By Getahn Ward.
Pat Stella is pondering his options after being told by an insurance broker that premiums on his employees’ health benefits package could increase by as much as 11 percent next year.
"We usually give our employees more than one choice," the chief executive of Fire Sprinkler LLC said. "It could be we don’t — maybe we give them one choice."
Stella, whose Nashville-based company installs fire protection systems, isn’t alone. Many employers are considering changes, including raising co-pays on prescription drugs to increase their employees’ share of costs in a bid to curb growth in medical plan costs.
Such cost-cutting actions should reduce employers’ growth in costs next year to just below 6 percent instead of nearly 9 percent otherwise, suggest preliminary results of consultant Mercer’s annual benefits survey.
Responses from half of the 3,000 employers ultimately expected to participate show more cuts than usual being made in budgets for next year, with those hardest hit by the recession making the biggest cuts. Roughly 40 percent of respondents said they planned to ask employees to pay a higher portion of monthly premiums or increase co-payments, deductibles or out-of-pocket maximums.
Employers’ costs are rising in part from stress-related illnesses tied to economic worries. In some cases workers and their dependents are using more health-care services. They’re filling prescriptions, getting preventive care or undergoing previously delayed elective procedures while they’re on health plans for fear of losing coverage if laid off later, Mercer said.
Employers consider their options
Edward Scott, a consulting actuary with benefit consultants Bryan Pendleton Swats & McAllister LLC of Brentwood, sees more clients pricing plan options to keep premiums from rising and to avoid passing on too many costs to employees.
Tactics they’re using include lowering co-pays to steer employees toward plans with less-costly generic drugs and offering high-deductible health plans with health savings accounts. With those, money is set aside for employees’ medical costs that they can keep if they don’t use it.
"It changes their buying habits," Scott said. "They won’t spend unnecessarily if they know it’s their money and they can actually save it and use it later."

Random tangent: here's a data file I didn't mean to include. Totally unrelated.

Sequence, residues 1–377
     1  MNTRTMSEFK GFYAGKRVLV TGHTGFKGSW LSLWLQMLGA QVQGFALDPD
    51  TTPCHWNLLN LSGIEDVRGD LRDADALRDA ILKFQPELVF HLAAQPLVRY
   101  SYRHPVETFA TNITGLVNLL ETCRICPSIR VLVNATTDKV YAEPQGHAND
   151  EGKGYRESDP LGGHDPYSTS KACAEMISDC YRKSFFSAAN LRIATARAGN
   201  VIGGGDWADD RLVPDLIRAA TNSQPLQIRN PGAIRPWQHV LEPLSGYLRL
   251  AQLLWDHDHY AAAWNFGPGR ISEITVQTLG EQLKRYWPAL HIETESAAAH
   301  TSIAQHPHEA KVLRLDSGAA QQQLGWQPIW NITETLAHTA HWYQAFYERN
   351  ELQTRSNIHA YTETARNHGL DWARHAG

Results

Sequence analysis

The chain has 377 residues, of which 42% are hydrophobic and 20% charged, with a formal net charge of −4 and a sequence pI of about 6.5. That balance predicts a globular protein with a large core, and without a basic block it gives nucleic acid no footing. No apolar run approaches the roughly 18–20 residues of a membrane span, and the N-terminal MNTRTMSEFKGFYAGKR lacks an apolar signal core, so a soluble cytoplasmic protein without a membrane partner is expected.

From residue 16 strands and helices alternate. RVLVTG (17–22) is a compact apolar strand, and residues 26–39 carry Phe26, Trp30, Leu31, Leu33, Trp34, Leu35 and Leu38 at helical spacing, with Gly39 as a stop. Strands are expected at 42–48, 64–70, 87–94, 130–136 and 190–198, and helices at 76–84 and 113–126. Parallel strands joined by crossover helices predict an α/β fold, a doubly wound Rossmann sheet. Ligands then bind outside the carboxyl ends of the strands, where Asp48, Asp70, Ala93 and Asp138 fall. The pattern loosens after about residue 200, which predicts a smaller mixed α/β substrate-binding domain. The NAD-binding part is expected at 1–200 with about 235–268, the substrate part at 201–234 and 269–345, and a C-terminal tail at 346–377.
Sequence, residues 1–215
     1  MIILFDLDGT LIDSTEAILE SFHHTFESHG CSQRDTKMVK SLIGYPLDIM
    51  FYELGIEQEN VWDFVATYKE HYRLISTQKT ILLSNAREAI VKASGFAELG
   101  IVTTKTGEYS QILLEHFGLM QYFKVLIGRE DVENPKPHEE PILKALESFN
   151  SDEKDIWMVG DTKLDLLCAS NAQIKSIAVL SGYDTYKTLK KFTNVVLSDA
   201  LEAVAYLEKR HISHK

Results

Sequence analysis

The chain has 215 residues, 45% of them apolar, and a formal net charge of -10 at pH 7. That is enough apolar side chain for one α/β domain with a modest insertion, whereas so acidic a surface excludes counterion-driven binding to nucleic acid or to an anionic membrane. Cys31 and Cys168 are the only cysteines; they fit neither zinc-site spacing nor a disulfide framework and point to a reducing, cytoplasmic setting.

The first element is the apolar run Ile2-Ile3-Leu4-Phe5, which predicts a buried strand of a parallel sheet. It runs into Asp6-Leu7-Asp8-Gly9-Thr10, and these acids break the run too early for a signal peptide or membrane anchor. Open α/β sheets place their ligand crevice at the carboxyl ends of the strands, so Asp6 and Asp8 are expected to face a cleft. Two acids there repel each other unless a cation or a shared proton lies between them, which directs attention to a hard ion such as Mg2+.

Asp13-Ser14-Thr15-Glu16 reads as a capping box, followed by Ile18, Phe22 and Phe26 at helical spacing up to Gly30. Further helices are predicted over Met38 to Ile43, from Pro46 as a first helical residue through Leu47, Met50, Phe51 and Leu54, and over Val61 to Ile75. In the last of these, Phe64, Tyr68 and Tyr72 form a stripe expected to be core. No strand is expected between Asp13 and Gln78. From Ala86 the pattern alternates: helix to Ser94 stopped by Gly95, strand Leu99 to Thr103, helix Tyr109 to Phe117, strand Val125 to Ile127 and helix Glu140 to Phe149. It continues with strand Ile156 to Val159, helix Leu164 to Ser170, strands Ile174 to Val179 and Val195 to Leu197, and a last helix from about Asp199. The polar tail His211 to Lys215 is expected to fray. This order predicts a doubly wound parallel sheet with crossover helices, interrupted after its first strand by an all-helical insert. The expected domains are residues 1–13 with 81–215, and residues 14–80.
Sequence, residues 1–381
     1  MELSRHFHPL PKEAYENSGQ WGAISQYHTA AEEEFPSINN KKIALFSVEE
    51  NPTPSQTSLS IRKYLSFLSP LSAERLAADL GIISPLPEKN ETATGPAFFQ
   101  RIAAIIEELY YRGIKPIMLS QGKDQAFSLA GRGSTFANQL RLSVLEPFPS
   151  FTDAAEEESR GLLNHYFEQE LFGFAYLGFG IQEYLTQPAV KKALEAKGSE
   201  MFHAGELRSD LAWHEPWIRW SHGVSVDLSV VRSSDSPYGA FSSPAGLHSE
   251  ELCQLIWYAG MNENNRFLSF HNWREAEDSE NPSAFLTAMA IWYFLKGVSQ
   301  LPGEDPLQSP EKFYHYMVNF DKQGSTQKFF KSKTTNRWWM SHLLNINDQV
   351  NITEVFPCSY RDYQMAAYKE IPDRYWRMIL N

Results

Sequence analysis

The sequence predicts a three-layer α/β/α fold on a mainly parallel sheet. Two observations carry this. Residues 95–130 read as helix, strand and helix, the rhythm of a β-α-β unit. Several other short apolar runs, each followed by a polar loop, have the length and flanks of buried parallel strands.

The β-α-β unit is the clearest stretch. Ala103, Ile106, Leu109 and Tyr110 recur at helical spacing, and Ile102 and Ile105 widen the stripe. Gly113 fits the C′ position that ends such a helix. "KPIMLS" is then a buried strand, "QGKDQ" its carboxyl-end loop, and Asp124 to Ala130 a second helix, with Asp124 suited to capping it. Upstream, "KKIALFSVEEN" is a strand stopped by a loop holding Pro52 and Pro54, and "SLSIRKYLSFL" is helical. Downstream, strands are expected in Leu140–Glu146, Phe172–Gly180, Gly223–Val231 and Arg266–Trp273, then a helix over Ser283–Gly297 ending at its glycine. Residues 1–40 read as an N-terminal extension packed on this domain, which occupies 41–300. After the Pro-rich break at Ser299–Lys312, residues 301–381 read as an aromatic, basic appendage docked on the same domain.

At Fire Sprinkler, Stella spent $168,000 overall on insurance for most of his 60 employees last year. The company covers about 90 percent of the costs, and employees pay the rest.
Stella should learn soon how much his costs would actually rise next year after his insurance broker recommends a list of plans that would take effect on Jan. 1.
"It’s a huge problem for us," Stella said, adding that health benefits account for nearly 9 percent of Fire Sprinkler’s overall costs.
Some companies are less likely to pass on cost increases because health benefits play a key role in hiring and recruiting employees, other analysts said.
Brentwood-based Cumberland Consulting Group, for instance, pays 100 percent of the health-care costs of its 55 employees — mostly consultants who help clients put technology to use. Cumberland sees that as a way to compete for talent against bigger consulting firms, said CEO Jim Lewis.
Some wait and watch Congress
Some employers, meanwhile, hope to hold off on drastic changes while they wait to see what changes Congress makes to the health-care landscape.
"You don’t want to make huge changes and then instantly find out that you can’t use those changes — that the rules of the game have changed," said Scott, the consulting actuary.
Stella is concerned that changes made by the government could end up costing employers more, but he also wants relief from rising health insurance costs. "It could have a major effect depending on what they do," he said.